Sunday, February 14, 2016

Bird view

Funny think struck me the other day. Not really an epiphany, but more like finally finding the missing part of the puzzle sort of reasoning. "About what?" you may ask...

Well, I have never been a kind of guy who desperately needs ostentatious recognition and/or ceremonies within a hierarchical organization in order to feel valued or as a confirmation of whether my training and effort had been worthwhile. Yet, it does not mean I feel disdain or other negative attitude toward various organizations (let's stay with martial arts here) per se. Some of them are functional, serving the purpose of making things easier for the members, some are unfortunately their very own raison d'etre, but it is not really any different than in other fields of life. Anyway, I did notice that some of those associations I liked better than others, and sometimes wondered why.

Sometimes I would think it depended on their administrative setting, other times I thought it had to do with the training methodology, maybe declared philosophy. mission etc. But no, there is another decisive factory.

We now get back to the beginning of this post. I received the latest book, War Hawk, written by Fernan Vargas, and got into a brief correspondence/conversation with the author. I was familiar with some of his earlier works (hence my initiative for obtaining this one), and our exchanges confirmed the impression I had of Mr Vargas. His demeanor showed a humble and honest man, always eager to learn more and new things, shying away from the pretentious status of grandmastery and other related aspects. On the other hand, his actual high level of expertise on the matter he teaches and does is evident in the process of sincerely sharing the knowledge he had accumulated over the decades of practice.

And so, as the birds of the feather flock together, Vargas seems to be gathering a colorful band of people of the similar ilk in his Raven Tactical International in a loose structural organization, but with the tight bond of common values. Finally, this is where I had my light-bulb moment - it is the fraternal feeling of non-enforced tribal belonging that some organizations have that I tend to appreciate. In such cases, even if I don't share the same views and interests of the said associations, there is still the tendency to enjoy the company of their members, relieved of any need to prove something to the rest of the world, content in belonging to where they feel at home.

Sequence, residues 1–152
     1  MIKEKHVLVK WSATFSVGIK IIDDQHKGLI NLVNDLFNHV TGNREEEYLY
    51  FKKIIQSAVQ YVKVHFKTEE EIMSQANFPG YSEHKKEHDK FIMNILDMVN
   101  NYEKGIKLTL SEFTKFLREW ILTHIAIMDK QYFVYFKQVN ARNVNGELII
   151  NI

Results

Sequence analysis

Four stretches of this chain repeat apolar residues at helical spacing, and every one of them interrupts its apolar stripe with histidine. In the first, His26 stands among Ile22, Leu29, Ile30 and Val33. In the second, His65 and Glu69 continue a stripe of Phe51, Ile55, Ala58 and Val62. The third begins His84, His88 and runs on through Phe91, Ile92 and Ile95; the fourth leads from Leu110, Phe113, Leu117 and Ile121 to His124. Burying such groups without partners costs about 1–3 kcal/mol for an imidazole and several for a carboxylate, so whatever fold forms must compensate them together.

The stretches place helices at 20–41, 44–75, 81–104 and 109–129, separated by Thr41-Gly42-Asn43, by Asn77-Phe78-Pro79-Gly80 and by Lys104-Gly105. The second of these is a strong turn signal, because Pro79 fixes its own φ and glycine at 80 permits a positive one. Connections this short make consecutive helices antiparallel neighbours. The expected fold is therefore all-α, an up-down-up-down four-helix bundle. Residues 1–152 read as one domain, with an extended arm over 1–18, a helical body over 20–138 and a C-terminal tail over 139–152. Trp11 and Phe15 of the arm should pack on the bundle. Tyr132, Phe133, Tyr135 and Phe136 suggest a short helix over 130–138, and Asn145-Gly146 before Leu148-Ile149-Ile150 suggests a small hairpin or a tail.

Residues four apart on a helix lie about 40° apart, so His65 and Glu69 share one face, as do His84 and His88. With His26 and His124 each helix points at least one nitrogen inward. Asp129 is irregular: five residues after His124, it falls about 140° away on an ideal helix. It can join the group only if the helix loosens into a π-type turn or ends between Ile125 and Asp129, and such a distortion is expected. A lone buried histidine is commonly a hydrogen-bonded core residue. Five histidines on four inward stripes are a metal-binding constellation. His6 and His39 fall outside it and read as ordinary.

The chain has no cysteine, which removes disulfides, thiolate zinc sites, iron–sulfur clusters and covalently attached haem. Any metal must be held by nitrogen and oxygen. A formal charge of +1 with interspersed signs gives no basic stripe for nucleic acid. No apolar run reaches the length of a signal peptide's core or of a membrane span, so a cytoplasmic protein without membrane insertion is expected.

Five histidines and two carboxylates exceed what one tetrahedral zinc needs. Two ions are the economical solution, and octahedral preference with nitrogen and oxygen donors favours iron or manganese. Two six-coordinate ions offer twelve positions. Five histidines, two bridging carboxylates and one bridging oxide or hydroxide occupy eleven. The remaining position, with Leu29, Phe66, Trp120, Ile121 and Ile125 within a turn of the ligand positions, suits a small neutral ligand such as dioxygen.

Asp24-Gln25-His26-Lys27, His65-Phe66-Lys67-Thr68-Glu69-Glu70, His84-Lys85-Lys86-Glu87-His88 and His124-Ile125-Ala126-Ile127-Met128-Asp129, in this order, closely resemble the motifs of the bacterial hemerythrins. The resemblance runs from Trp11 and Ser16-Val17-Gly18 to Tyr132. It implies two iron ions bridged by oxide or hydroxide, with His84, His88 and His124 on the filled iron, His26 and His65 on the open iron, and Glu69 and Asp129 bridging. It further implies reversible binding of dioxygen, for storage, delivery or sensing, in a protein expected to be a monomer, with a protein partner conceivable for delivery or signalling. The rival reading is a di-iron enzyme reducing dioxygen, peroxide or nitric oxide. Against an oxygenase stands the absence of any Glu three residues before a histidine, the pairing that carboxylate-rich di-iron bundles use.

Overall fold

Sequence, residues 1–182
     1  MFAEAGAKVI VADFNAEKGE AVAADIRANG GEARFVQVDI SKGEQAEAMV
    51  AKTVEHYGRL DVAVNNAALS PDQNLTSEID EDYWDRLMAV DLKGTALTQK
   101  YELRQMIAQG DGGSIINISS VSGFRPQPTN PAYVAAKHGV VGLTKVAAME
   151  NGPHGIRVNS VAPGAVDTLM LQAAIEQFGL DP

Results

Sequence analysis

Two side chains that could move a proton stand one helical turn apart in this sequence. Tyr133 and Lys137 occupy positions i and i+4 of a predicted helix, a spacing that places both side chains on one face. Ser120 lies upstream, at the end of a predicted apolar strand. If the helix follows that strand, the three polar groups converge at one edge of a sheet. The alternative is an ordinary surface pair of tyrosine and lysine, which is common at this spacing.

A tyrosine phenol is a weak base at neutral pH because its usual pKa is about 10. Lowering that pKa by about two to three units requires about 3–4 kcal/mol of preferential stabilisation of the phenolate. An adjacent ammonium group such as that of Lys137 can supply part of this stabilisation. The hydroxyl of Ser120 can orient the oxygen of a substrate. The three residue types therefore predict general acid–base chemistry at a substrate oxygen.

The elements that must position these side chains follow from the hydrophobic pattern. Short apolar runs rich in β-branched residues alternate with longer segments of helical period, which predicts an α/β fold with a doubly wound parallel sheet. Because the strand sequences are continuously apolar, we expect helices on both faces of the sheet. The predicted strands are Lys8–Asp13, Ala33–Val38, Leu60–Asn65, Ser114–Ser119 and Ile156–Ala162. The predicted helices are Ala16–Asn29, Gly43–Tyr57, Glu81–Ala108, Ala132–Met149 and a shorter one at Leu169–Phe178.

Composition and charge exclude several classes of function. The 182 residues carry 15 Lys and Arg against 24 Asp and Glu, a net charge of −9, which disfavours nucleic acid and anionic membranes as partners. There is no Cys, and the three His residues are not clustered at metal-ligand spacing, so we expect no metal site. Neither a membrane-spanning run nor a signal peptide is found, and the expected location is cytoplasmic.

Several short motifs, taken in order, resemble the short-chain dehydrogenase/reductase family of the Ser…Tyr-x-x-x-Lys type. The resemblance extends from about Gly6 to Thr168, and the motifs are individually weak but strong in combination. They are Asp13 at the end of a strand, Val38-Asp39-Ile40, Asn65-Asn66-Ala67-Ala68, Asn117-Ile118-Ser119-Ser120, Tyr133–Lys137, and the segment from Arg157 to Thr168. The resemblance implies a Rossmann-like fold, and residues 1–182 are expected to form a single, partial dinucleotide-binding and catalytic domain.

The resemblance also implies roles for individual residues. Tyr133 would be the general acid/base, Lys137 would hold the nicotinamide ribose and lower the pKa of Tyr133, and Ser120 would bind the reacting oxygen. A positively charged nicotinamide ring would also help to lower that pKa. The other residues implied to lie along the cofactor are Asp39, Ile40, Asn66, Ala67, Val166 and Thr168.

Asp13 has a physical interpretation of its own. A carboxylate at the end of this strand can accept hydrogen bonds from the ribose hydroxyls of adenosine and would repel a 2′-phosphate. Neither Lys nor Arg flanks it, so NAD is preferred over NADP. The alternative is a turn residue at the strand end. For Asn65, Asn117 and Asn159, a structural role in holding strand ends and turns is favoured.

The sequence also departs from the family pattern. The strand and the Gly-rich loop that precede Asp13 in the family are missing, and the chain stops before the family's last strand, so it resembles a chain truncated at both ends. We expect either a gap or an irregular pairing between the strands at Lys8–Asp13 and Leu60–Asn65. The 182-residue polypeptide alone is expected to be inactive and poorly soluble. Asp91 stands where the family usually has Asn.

Another nice commonality in such organizations is that their members tend to be ready and willing to learn from each others and help each other grow, regardless of their previous experience, background or "level" in the group. It is the supportive and not fiercely competitive atmosphere that enables the development to mean true growth and maturing, and not just plain expansion for the sake of numbers.

The aforementioned published works of Fernan Vargas and his associates are a nice example of this attitude. They all start with some very important notions and clear ego-check points that are too often either taken for granted or ignored altogether. Oh, and when it comes to the value of the contents, one would be severely challenged to find a better ratio of the proverbial bang for the buck.

Naturally, the Raven bunch is not the only crew of that sort, or worth mentioning in this light (Systema Homo Ludens of Alex Kostic, Astig Lameco of Roger Agbulos, Libre Fighting of Scott Babb, Combat Systema of Kevin Secours, to mention just a few), but being that they happened to be responsible for my "moment of insight" I devoted the space to them.

Liking other types of organizations and their inner workings is absolutely fine, as long as you find what you are looking for in them. It is just my personal preference to gravitate toward certain types of communities, and I am he author of this blog, so...

NOTICE: I am in no way and by no means affiliated with the RTI or Mr Vargas. This entire piece of writing was completely unsolicited by any of the mentioned parties. It represents my honest opinion, based on my personal experience with those subjects, so take it for what it is.